Tuesday, June 21, 2011

Growing avocados

The jewel of Gidget's Garden is her avocado tree. It came with the house and was already long established. Our best guess is that it was planted in 1967, the same time the patio next to it was poured, according to the child like engraving in the corner.

When I moved here eight years ago, the tree was not in the best shape, and we weren't too concerned about doing much about it. I cut open one of the fallen avocados and it was a bad one. Now looking back, I think a worm found it's way inside destroying the inner fruit, and making it look disgusting. That experience turned me off for a couple of years but then, after changing my whole perspective about food and becoming a nutritionist, I had a change of heart.

I decided to give these babies another shot and discovered that they're actually the best tasting avocados I've ever eaten and they're the biggest anyone has ever seen. I decided I better start taking good care of our tree because it is an amazing source of beautiful food for us.

This is what the tree was enduring when I finally decided it needed a better life

The avocado tree after adding a container "fence" and mulching the leaves on top
A little bit of research revealed that avocados like to feed off of their own leaves and mulching those leaves around the tree will help keep it happy. This has made our tree happier, so has a regular schedule of feeding it with a citrus food, and watering it well on a regular basis. Now we make growing the biggest, best tasting avocados you have ever seen look extremely easy.

They may be the world's best avocados
I don't know how well we would do if this tree was not already so established and willing to put up with our years of neglect before we got a clue. San Diego is certainly a wonderful place to try growing your own avocados though, as they are flourishing all over the city.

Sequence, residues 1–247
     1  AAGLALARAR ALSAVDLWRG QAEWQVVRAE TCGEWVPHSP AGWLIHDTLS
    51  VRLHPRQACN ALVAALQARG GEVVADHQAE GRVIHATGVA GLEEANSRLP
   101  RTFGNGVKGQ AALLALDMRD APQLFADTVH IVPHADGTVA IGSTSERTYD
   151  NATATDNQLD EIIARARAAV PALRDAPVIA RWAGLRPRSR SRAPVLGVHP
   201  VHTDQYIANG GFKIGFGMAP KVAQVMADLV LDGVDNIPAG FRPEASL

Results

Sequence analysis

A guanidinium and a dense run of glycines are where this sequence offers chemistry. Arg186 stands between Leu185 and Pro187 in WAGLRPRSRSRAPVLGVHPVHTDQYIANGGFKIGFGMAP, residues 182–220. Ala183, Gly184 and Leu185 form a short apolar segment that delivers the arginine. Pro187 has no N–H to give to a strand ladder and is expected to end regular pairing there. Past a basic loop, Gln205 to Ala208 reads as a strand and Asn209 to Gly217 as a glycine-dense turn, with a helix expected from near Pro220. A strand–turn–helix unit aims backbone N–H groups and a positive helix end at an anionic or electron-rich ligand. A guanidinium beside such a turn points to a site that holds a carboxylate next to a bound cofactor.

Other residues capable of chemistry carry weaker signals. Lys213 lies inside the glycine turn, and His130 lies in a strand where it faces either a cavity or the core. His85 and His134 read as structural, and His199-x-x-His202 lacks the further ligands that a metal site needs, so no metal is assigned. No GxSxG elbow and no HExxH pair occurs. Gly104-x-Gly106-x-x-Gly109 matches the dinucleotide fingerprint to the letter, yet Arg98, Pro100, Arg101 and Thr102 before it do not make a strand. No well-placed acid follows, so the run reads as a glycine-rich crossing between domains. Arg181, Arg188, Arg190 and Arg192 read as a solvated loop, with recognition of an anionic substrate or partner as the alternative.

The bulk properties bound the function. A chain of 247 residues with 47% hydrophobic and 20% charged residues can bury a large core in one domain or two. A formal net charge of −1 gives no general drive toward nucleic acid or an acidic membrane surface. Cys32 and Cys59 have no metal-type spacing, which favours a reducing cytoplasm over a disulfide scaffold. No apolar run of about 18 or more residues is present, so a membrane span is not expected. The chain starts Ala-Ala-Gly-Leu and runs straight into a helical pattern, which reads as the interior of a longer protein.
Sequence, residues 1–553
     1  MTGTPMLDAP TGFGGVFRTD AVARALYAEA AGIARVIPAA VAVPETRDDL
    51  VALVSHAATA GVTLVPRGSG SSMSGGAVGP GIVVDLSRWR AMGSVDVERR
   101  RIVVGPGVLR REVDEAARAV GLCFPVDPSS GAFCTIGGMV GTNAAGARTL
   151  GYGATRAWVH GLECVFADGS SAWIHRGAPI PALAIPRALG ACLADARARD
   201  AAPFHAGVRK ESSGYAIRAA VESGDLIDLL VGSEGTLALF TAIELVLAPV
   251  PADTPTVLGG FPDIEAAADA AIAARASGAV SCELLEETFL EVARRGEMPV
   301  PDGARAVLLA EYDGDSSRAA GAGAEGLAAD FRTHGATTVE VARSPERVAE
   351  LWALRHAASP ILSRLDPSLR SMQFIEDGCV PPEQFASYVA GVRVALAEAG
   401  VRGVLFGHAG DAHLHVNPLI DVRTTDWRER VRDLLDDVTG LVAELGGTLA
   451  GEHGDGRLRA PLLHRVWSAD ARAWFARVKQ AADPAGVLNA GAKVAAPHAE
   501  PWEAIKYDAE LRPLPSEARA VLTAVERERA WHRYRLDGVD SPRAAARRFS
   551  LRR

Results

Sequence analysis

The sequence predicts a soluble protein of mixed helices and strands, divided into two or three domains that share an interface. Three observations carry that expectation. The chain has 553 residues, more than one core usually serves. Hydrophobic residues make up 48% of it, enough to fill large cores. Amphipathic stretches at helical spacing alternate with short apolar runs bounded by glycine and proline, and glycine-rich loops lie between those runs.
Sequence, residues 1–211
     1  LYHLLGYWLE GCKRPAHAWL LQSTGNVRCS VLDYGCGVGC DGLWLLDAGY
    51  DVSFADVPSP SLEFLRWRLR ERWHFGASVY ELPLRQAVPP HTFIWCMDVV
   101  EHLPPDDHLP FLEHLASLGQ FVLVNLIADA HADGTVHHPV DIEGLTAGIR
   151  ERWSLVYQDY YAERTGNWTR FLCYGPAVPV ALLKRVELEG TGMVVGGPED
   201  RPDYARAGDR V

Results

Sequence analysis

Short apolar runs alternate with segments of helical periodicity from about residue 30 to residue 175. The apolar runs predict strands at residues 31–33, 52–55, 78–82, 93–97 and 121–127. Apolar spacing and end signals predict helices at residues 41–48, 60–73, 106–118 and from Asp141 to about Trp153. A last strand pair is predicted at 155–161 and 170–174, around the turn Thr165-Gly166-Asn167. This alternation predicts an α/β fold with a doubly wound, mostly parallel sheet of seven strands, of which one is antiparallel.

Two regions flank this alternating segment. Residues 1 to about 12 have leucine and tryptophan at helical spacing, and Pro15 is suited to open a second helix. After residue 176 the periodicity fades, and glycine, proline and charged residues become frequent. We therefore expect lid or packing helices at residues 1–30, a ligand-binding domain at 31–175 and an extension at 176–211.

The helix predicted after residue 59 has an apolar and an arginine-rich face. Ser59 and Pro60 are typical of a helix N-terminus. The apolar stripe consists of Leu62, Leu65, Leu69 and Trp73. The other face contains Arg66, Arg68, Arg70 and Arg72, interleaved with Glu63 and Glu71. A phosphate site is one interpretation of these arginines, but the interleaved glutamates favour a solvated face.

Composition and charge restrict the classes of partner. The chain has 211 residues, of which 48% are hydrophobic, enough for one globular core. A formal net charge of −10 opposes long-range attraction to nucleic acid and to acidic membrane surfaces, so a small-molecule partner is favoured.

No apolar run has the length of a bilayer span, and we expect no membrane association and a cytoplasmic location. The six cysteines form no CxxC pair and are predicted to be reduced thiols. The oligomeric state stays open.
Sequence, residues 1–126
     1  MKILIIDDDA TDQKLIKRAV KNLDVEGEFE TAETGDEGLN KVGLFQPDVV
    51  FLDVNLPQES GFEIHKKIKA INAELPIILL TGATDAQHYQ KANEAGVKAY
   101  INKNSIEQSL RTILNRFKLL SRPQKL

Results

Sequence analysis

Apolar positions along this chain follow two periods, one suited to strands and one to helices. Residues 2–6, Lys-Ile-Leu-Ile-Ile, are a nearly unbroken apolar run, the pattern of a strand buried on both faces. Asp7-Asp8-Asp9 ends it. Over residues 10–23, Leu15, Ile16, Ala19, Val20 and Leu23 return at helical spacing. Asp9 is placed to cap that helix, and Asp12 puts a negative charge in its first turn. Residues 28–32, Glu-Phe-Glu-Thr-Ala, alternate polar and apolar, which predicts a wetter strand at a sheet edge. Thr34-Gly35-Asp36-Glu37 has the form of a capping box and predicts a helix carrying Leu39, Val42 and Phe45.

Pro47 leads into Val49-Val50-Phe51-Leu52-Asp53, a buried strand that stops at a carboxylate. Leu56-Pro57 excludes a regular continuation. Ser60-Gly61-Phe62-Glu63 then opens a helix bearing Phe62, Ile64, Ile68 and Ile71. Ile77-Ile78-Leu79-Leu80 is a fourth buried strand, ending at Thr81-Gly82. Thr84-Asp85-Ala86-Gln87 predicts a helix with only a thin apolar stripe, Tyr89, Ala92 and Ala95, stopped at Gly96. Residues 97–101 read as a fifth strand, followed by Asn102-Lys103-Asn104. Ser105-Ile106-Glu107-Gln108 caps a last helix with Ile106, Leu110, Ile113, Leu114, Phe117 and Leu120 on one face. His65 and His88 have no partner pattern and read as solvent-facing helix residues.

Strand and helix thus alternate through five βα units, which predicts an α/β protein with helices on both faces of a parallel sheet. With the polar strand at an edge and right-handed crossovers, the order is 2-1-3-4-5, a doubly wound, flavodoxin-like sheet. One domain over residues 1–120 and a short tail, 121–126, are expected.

We've been trying to convince Gidget that avocado trees don't really need much pruning but it's one of her favorite tasks in the garden.
Last year's crop was spectacular.

Avocados hanging on tree last year

Farmer D picking avocados

A tiny portion of the avocados we enjoyed last year
After having this success and seeing the way that people react to our monster avocados, I decided to grow a whole bunch of these seeds so we could spread this tree around, and help others enjoy such a great food source. 

As of now we have been unable to identify the variety, and I just found out the county of San Diego's agriculture folks don't know either. They will be classified as miscellaneous on our seller's certificate. I'll be calling them our Golden Hill Hybrid.

There are several ways to sprout avocados but I prefer Mom's method
My excitement about spreading these avocados across the city quickly diminished. It didn't take long for me to learn that this baby has to be a tree for seven years before discovering if it will even fruit. Then if it does fruit, there's no telling what variety the fruit will be. It could be any one of the number of varieties that are nearby in my neighborhood.

I was introduced to the concept of grafting, which is required to guarantee that your tree will produce this variety. Grafting is a process in which a piece of the tree you want is fused onto another and then the plant becomes the variety you want. That's my basic knowledge on the subject but I do plan to investigate it more and start playing with it because it is the only way to ensure you are growing this specific variety, and I would love to see our avocados live on throughout the city.

In the meantime, they are a very valuable resource for us, and even work as cash when you frequent yard sales.

A couple of items that we purchased with avocados last year; an adorable table above, and a gorgeous hand painted pot below. The container garden "fence" around the tree was also purchased almost entirely with avocados. 

The next generation of avocados is on the tree growing, and we look forward to sharing them with our customers at the Golden Hill Farmer's market, when they're ready. We're not exactly sure when that will be but we're hoping for Fall.  

Baby Golden Hill Hybrid avocados growing on tree.
Fleck is much more interested in carrot season. 


  1. I love this! It's so interesting to learn about avocados, since they certainly don't grow here in Indiana! It's your magic touch that has nudged your tree into growing those fabulous avocados, Crystal!